Federal Student Aid: Our Disaster in Microcosm

I should have posted this yesterday, but was busy with other things, including a terrific discussion about higher education featuring Charles Murray, author of the new book Real Education: Four Simple Truths for Bringing America’s Schools Back to Reality, and St. John’s College, Annapolis, President Christopher Nelson. (The video should be up shortly if you’re looking for a little enlightenment.)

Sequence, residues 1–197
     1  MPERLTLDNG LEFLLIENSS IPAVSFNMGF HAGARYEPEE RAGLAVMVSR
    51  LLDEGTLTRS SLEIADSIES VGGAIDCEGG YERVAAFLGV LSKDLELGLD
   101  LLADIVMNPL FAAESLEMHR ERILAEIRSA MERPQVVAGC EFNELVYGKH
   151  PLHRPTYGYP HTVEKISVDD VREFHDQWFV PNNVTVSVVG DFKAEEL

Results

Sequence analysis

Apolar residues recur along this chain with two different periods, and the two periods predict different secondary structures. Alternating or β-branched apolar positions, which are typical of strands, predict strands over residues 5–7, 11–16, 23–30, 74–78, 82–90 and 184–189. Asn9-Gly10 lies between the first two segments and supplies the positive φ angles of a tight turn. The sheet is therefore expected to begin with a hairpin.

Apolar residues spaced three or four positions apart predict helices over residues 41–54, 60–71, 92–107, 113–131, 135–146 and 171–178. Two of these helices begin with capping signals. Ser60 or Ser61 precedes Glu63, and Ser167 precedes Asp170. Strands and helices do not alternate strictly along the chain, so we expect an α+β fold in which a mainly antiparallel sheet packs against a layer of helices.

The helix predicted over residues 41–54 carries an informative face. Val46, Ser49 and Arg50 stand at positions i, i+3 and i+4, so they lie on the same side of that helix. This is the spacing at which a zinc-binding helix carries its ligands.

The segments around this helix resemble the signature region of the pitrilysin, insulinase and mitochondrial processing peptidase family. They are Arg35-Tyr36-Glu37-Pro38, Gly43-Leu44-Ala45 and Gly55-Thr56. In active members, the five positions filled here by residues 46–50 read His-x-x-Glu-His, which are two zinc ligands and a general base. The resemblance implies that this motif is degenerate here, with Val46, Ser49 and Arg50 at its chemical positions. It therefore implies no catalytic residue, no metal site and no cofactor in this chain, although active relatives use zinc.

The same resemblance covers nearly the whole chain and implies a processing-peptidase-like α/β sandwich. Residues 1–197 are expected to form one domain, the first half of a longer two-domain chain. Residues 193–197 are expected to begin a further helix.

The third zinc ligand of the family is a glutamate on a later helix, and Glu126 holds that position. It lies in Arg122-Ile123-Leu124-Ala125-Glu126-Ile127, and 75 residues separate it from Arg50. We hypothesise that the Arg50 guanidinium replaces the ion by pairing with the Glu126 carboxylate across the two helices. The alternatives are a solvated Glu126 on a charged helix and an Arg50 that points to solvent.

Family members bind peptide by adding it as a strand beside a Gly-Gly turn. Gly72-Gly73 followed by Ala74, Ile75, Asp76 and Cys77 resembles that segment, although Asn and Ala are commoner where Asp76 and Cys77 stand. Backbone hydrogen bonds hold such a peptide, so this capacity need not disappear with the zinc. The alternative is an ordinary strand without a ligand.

Anyway, there was, as many in the edublogosphere have been lamenting, almost no mention of education in Tuesday night’s debate. There were, however, quick, periodic mentions from Senator Obama of the need to make college affordable, something he plans to do by throwing yet more cash into already overflowing federal student aid streams. Unfortunately, no education commentators looking to latch onto our current economic woes and be heard have made this clear connection (probably because they don’t want to): Federal student aid is our current, government-driven, economic disaster in microcosm. Washington has been buying middle-class votes with ever-greater loads of student aid for decades, but rather than making college more affordable it has wasted hundreds-of-billions of taxpayer dollars, driven tuition higher and higher into the stratosphere, and made colleges richer and fatter. It’s a perfect example of how government “help”–such as Fannie and Freddie buying sub-prime loans like they were plastics–only truly helps politicians get re-elected, special interests wealthier, and everyone else stuck with huge bills.